Missy (Winhaven's Missy Magoo WWPD, WTD) - 6 years, female, born September 29, 1987, 68 pounds - ran point, has one eye that never developed. Owned by Mark Scepanski.
Drum (Ch Storm Kloud's Hhear the Drum WTDX) - 4.5 years, male, born May 9, 1989, 82 pounds - finished his championship just before leaving for the race.
Jerico (Storm Kloud's Hhanibal WTDX) - 4.5 years, male, born May 9, 1989, 86 pounds - biggest and most powerful dog on the team. He had surgery for bloat in December 1993 and again for a muscle tear (250 stainless steel stitches) six days before the race. He ran with the stitches in. One tough dog.
Justin (Storm Kloud's Yyes Just Say Yes WTD) - 2 years, male, born November 4, 1991, 75 pounds - Casey's son. Most photographed member of the team, usually because he had a dirty face.
Andy (Storm Kloud's At It Again) - 2 years, female, born February 26, 1992, 56 pounds - Tab's daughter and a natural leader.
Miz (Am/Can Ch Storm Kloud's Mmy Last One WTD) - 4 years, female, born January 27, 1990, 60 pounds - team cheerleader who would rather let the boys do the work.
Sprite (Ch Storm Kloud's Wwon in Great Taste) - 2.5 years, male, born August 2, 1991, 86 pounds - tallest dog on the team. He earned his WTDX on the team and started his show career in July 1994. He finished his championship on October 1, 1994.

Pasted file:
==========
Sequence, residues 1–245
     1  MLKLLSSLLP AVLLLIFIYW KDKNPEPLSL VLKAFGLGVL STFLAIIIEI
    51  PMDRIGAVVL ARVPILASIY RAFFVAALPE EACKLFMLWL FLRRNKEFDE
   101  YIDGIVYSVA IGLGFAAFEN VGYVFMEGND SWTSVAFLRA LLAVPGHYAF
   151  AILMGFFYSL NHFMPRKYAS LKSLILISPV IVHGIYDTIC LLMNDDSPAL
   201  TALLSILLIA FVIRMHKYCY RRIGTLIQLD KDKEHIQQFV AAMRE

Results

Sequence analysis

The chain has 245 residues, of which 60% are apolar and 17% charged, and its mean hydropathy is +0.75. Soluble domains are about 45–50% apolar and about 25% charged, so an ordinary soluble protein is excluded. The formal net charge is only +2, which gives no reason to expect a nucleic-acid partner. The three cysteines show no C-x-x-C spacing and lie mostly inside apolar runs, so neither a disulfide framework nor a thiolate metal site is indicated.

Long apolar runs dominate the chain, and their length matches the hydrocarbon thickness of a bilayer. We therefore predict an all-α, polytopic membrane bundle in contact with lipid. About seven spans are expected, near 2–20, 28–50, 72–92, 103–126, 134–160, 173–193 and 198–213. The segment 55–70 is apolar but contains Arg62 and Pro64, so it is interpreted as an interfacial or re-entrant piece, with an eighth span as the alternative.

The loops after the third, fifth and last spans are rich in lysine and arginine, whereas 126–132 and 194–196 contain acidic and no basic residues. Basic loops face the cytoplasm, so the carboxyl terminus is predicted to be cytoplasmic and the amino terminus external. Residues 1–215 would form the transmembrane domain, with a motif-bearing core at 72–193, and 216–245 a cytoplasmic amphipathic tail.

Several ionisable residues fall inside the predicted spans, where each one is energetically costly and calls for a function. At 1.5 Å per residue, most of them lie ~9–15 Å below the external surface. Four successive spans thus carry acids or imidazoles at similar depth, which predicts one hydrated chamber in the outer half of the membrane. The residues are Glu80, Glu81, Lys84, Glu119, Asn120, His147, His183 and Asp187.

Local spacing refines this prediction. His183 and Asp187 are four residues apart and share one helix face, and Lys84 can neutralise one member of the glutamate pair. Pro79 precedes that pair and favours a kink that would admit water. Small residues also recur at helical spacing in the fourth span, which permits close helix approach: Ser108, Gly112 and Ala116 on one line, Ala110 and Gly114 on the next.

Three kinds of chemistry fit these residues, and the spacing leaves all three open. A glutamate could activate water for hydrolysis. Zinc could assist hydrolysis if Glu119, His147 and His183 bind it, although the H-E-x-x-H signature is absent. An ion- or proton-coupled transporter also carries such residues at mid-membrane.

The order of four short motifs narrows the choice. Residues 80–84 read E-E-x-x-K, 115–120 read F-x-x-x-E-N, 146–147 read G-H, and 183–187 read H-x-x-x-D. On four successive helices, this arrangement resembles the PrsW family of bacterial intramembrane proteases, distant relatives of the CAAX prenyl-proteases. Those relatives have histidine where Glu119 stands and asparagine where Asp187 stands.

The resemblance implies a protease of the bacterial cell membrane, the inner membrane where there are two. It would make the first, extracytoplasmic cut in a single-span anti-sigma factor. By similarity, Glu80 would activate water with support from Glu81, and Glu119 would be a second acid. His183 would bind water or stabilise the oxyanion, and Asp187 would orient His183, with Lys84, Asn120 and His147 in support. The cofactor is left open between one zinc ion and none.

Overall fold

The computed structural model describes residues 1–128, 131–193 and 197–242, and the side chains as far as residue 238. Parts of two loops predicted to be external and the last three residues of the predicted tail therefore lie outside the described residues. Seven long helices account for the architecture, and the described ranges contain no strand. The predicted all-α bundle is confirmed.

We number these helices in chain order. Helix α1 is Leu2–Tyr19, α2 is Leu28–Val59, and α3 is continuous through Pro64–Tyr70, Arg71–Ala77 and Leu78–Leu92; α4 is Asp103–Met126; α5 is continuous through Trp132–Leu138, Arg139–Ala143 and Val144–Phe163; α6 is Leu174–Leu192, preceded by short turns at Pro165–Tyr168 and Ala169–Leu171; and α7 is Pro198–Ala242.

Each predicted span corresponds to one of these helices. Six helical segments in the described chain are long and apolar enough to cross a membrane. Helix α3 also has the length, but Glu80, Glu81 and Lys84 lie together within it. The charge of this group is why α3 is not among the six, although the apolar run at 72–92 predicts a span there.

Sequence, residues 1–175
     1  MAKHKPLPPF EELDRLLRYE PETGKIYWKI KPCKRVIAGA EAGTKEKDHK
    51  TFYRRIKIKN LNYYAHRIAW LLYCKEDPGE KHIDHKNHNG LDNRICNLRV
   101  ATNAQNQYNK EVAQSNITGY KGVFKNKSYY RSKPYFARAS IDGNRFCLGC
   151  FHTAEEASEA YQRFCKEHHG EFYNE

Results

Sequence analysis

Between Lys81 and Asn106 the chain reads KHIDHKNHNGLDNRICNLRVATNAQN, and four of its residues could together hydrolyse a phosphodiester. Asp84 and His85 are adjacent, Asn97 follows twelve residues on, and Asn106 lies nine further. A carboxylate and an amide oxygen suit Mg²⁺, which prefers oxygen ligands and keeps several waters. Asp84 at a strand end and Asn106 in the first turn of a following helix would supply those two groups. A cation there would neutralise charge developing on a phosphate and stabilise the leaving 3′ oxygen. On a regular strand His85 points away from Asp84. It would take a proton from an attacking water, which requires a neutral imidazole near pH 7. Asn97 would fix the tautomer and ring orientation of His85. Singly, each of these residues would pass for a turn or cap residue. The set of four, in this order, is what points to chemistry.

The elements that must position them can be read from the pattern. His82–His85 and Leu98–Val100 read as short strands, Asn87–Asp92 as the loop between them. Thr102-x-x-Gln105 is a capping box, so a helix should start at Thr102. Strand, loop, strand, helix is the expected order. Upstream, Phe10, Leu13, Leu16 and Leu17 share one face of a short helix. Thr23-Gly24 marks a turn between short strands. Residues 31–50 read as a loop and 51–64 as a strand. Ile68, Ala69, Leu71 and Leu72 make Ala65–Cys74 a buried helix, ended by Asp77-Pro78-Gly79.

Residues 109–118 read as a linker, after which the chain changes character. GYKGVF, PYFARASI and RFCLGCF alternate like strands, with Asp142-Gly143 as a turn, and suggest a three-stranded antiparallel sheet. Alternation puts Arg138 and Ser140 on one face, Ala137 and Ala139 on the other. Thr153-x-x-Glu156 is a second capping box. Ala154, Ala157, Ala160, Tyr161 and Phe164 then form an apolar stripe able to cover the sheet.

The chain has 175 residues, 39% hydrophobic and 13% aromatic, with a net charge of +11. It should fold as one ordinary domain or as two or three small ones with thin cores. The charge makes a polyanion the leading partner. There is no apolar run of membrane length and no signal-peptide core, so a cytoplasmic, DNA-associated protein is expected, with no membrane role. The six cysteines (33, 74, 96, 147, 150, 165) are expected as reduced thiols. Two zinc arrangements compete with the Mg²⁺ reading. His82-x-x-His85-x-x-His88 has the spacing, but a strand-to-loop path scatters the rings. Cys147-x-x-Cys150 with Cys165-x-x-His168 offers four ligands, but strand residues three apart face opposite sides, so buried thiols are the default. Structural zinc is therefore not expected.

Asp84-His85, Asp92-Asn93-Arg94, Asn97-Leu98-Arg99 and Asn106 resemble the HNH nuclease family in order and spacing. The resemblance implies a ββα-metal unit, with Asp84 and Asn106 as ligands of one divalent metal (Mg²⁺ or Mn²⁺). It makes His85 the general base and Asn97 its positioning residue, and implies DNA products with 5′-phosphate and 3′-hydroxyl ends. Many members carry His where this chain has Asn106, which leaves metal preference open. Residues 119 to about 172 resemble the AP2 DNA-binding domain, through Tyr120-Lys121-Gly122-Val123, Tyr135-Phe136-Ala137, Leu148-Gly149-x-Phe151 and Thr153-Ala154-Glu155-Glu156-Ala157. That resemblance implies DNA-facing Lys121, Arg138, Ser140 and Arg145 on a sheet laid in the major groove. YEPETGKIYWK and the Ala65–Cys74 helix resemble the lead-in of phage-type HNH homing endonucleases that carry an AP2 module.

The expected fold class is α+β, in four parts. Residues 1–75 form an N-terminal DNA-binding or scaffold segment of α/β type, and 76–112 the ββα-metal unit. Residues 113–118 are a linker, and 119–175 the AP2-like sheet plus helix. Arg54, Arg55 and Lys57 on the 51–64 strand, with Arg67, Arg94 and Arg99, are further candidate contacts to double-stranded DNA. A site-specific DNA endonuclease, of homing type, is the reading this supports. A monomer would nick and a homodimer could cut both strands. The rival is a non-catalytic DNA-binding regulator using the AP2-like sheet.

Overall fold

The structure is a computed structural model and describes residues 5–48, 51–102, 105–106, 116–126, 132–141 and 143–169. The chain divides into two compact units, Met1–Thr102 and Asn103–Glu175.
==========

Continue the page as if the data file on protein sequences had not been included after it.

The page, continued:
Tab (Ch Storm Kloud's Tabetha) - 6.5 years, female, born April 19, 1987, 60 pounds - oldest member of the team and Andy's mother. Backup leader who did not join the team until June 1993 because she had a litter of 9 in March 1993.
Mark (Ch Storm Kloud's Eez Remarkable WTDX) - 5 years, male, born November 28, 1988, 72 pounds - had a difficult time adjusting to the life of a racing dog, but will now run with any dog on the team.
Casey (Ch Storm Kloud's Ggrandslam WTD) - 5 years, male, born February 22, 1989, 80 pounds - wheel dog who has a desire to dominate. Justin's father.
Barney (Barnstormer by Storm Kloud WTD) - 2 years, male, born March 1, 1992, 82 pounds - wheel dog and youngest member of the team.
Dogs who did not make the team:
Ace (Storm Kloud's Assiniboine) - 2 years, male, born February 26, 1992 - Tab's son and Andy's brother. Refused to work.